Local economist Ed Whitelaw and two of his cohorts at ECONorthwest (Philip Taylor and Bryce Ward) have unearthed an amazing and important statistic about Lane County’s economic landscape. In an essay published in last Sunday’s Commentary section, they showed Eugene-Springfield professional workers work fewer hours than their colleagues in almost any other metropolitan area nationwide.
Historical records show that this trend has been constant for more than a generation. When coupled with our lower average wage, that group’s wealth lags far behind most other metropolitan markets.
Whitelaw is an economist, not an anthropologist. I am neither, so I can pretend to be both and offer a possible explanation.
Normal becomes whatever we all agree is normal.
For example, my neighbor Bob recently was complaining at a neighborhood gathering about his morning commute from south Eugene to downtown. Traffic is an easy topic for commiseration, but Bob wasn’t getting much traction. While he spun his conversational wheels, I counted noses. There were 17 of us seated on assorted lawn chairs that Sunday evening. “Bob?” I asked, “Do you realize you’re the only one here who reports to a boss in an office every day?”
We all laughed as others checked my work. Three consultants, six self-employed, four students, one telecommuter, two semi-retired, and Bob. My neighborhood is not a scientific sample, but that’s not my point.
For a while, none of us noticed that Bob’s 9-to-5 is not our commonality. More importantly, when we did notice, nothing seemed wrong — except possibly to Bob.
University of Oregon professors have long understood they earn less than their colleagues at other universities. The gap has been sardonically embraced with the phrase, “We get paid in scenery.” Along with trees and mountains and plenty of water, that scenery includes self-employed, underemployed, and just-barely-employed — without shame.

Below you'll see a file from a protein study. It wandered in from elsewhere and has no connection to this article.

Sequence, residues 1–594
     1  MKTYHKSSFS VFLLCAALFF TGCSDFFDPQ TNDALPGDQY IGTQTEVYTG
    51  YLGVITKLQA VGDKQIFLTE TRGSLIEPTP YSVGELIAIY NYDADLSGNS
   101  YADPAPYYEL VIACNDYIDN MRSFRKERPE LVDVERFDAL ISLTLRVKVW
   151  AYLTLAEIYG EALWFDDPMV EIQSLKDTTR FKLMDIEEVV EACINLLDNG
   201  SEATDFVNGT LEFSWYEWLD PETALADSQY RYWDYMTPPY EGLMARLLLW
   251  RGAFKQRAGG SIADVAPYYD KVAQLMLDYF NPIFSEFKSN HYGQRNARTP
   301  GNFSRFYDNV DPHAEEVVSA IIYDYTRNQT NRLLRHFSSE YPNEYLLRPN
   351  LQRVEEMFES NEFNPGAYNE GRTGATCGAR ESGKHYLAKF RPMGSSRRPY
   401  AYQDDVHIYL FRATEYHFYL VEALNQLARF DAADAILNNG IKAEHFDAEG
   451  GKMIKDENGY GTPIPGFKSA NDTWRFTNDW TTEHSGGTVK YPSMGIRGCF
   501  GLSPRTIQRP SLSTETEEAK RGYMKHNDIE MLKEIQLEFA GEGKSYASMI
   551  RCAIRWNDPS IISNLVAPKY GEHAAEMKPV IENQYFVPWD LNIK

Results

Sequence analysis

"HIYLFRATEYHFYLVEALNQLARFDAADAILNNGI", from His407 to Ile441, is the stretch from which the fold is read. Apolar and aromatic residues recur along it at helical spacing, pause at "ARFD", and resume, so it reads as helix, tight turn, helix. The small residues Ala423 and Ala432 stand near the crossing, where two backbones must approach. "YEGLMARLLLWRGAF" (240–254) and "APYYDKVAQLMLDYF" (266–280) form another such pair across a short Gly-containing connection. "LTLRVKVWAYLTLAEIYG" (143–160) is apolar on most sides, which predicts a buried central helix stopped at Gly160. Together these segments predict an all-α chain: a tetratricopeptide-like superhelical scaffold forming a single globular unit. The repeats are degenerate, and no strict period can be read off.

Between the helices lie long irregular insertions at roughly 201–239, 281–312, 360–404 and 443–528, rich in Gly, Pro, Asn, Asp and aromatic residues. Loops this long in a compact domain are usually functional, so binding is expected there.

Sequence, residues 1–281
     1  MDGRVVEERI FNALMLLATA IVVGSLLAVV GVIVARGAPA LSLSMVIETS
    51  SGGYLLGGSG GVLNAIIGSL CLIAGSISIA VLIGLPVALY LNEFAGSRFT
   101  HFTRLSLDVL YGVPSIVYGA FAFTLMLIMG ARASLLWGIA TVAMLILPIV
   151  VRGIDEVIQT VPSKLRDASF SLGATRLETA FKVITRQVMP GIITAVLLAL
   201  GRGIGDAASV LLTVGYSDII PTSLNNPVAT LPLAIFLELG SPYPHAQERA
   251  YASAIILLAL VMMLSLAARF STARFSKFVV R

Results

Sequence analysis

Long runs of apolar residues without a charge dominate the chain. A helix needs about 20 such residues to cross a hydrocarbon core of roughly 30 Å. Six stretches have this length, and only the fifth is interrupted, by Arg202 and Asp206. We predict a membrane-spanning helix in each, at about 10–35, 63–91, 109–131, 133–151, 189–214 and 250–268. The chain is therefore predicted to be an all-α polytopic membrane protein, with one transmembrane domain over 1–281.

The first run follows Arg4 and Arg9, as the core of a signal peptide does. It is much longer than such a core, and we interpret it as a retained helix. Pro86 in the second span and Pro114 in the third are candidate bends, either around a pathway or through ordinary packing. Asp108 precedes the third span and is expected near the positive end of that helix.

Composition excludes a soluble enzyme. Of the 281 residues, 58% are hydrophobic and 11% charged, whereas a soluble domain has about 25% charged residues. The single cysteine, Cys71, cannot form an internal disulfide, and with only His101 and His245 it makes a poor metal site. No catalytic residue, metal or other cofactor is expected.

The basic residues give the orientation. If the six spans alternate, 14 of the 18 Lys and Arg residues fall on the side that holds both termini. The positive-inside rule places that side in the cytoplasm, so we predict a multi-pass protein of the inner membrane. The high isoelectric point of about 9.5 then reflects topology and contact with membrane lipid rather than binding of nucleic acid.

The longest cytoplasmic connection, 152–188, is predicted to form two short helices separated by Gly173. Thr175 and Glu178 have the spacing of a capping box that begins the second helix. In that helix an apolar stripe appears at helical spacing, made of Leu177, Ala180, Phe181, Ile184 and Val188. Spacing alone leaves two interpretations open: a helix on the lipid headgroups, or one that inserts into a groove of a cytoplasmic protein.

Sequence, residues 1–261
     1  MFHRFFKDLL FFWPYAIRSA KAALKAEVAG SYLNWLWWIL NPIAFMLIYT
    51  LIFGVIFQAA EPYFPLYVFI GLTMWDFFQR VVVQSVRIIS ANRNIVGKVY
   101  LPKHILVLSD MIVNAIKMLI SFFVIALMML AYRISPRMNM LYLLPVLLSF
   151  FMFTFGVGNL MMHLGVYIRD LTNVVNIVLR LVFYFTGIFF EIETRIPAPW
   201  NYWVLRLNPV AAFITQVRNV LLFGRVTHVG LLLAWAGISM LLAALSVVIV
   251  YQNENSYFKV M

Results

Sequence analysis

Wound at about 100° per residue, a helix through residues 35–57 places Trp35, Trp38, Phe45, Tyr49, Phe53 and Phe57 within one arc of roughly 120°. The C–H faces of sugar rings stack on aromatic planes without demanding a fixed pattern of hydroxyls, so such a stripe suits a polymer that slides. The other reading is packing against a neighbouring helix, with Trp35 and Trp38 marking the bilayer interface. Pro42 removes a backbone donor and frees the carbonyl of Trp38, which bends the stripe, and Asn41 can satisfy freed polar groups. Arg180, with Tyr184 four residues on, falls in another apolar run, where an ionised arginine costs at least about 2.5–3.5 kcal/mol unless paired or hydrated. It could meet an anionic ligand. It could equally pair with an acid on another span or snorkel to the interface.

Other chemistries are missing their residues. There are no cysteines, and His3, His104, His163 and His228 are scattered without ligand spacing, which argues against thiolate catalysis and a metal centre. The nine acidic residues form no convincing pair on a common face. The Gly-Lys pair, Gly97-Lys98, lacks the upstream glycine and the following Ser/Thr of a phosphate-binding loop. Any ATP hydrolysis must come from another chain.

In most other places I’ve lived, anyone not working 40 hours a week had either a secret disability or a disabling secret. If your work week wasn’t like Bob’s, you weren’t normal. Eugene has accepted work as necessary but not central to its identity.
Most Americans live to work. Eugeneans work to live.
Eugene’s lifestyle can evoke a culture shock. University of Oregon Journalism Professor Ed Madison came here from a large city. He once remarked to me, “People here sure love their scarcity.”
Put another way, people here have been getting by for so long, it’s all they know. We make and do less, so we make do more.
Let’s return to some economic numbers. National economists have marveled that housing starts are up 27.7 percent this year, and yet construction jobs are up only 2.9 percent. They attribute this to what’s called “labor hoarding.” Rather than lose good workers during slow periods, employers keep them on the payroll, often with reduced hours, even if there isn’t enough work to keep them busy.
Labor hoarding has become part of our way of life. Employers keep more workers than they need. Workers accept fewer hours than they’d like. It’s a vital part of our scenery.
I’ve asked people about this for years. Some businessmen tell me the Vietnam War protests of the 1970s convinced local economic leaders to keep a low profile. “Students took over the city’s culture,” one business titan told me, “and they never gave it back.”
Assigning causality to a culture is risky business, because there’s never a single force that produces such a constellation of consequences. But let me suggest one anyway.
Whitelaw’s essay mentioned the debilitating effect of alcohol, but I’m interested in another inebriant. Marijuana.
It’s not much debated whether people mellow under the chemical influence of THC. And it’s certainly not debatable that its use is more accepted here than in most other places. What happens next is what intrigues me.
Once it takes root, our altered state of normal continues without its original cause. We aren’t all high when we smile at strangers, invite a person with two items in the grocery line to move ahead of us, or pass a resolution when the board chairperson asks, “Everybody cool?” It’s just normal.
And normal looks like a contact high.
Don Kahle (email@example.com) writes a column each Friday for The Register-Guard and blogs.